We are getting a Model 3 (hopefully) to go along side our Bolt. Depends on what pricing, incentives, and availability looks like next summer.

As far as feature set, long range driving, and styling are concerned, I think the Volt will appeal to Model 3 buyers who decide to walk away. My wife loves our Bolt, but she is weighing a Model 3 or a Gen 2 Volt to buy next year. Not a second Bolt.

But for people who want BEV only and no longer see Model 3 as an option? I can see them settling for a Bolt.


Come on, the Model 3, Bolt, Leaf 2.0, and also the Volt are all competitors. They are all long range (or range assisted EVs). Things like Prius (even non-Prime) and Ioniq (even non-EV or PHEV) may also be in the mix of competition among eco-buyers. Model 3 might also be competing with BMW and other luxury buyers too, but that’s a different market segment *in addition to* EVs.

All cars compete to a certain extent, but EVs definitely are all in competition because the market is so small. The EV market is growing though which should benefit all EVs, even as they compete with one another.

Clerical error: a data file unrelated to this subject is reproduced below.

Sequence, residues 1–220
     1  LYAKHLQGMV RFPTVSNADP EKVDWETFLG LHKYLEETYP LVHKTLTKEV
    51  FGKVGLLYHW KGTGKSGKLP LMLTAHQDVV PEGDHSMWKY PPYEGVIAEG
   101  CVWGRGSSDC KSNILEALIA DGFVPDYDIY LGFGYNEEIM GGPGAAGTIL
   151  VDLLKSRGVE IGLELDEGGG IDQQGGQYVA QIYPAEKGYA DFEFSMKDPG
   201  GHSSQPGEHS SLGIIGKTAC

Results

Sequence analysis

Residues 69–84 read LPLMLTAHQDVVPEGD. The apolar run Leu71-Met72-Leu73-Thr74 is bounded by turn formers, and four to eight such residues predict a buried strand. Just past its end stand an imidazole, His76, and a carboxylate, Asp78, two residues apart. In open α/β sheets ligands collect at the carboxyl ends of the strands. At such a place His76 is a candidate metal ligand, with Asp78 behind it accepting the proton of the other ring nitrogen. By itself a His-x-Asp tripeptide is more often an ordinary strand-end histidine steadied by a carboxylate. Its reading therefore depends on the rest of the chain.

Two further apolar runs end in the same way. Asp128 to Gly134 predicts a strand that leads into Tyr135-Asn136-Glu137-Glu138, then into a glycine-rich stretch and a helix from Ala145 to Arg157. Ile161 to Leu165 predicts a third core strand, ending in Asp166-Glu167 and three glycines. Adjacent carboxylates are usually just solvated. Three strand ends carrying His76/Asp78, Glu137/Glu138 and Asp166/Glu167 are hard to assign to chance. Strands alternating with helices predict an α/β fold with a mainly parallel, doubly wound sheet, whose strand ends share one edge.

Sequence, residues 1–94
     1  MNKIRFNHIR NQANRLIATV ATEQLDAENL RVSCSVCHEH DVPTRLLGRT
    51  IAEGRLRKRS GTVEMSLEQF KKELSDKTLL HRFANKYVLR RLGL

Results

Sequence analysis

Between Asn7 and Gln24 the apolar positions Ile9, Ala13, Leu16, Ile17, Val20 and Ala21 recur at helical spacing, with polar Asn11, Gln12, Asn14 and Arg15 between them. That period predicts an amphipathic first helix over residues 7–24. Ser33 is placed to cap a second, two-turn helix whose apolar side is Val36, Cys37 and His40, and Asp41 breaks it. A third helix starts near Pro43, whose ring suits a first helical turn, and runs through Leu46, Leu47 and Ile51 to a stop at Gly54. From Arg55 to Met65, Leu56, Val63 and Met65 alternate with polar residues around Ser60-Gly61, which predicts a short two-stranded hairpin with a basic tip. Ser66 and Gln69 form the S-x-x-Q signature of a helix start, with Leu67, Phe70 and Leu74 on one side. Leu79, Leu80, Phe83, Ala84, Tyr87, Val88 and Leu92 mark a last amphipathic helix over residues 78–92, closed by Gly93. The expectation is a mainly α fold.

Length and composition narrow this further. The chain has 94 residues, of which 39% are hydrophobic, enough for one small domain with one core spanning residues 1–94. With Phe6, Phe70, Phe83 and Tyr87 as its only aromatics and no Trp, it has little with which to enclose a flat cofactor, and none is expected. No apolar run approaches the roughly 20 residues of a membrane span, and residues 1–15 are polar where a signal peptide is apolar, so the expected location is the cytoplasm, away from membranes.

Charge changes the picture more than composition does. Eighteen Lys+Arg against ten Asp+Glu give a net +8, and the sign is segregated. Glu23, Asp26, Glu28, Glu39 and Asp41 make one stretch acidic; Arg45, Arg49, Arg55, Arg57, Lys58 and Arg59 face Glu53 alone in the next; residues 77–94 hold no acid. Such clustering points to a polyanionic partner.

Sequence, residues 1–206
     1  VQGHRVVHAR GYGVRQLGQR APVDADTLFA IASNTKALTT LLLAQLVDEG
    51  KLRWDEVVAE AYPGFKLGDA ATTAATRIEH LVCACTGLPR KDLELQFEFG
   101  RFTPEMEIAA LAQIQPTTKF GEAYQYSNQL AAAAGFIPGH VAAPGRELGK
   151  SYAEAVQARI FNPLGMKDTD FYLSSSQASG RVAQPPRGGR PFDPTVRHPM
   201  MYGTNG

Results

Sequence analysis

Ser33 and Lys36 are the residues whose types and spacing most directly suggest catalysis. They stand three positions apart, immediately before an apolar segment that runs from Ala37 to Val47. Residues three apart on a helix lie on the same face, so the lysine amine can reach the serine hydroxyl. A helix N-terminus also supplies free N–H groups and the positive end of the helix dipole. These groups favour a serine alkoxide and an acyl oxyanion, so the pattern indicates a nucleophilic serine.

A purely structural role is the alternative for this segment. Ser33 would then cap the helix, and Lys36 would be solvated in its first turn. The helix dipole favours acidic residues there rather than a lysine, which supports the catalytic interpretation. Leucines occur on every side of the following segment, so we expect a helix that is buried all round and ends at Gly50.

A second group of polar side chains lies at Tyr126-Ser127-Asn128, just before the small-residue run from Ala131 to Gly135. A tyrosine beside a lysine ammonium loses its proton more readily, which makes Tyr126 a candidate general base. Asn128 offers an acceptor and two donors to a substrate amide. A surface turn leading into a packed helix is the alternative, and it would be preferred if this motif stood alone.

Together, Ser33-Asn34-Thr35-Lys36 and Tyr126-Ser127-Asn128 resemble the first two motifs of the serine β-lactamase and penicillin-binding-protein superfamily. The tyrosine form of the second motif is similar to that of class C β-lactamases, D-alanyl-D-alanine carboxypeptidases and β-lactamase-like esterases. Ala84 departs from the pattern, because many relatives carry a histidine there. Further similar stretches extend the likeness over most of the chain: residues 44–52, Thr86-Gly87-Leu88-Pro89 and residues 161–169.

I don’t see this as an either/or, binary case. There is some truth to both viewpoints. Sure, people who are interested in a PEV (Plug-in EV) will consider the Bolt EV, the Leaf 2.0, and probably the Volt as well as the TM3, and possibly a few others too, unfortunately including low-electric-range PHEVs such as the Prius Prime.

But where are most of the Model 3 sales going to come from? Will the buyer’s previous car have been another PEV, or a gasmobile?

I’m guessing the overwhelming majority of buyers will be trading up in favor of a TM3 over a gasmobile. As I’ve said many times, Tesla isn’t aiming at the ~1% of the new car market that is PEV sales; it’s aiming at the ~99% that is gasmobile sales!

I agree they are not direct competitors except that they are electric. I think the Nissan Leaf and Bolt are the closest thing we’ll see this year to two evenly priced electrics that will be cross shopped. I’m placing money on the newly designed Leaf if it comes in at 200 miles or greater. The Bolt is great in many ways but looks too much like a Chevy econobox to be a runaway hit. That will happen when GM uses the platform for a small SUV.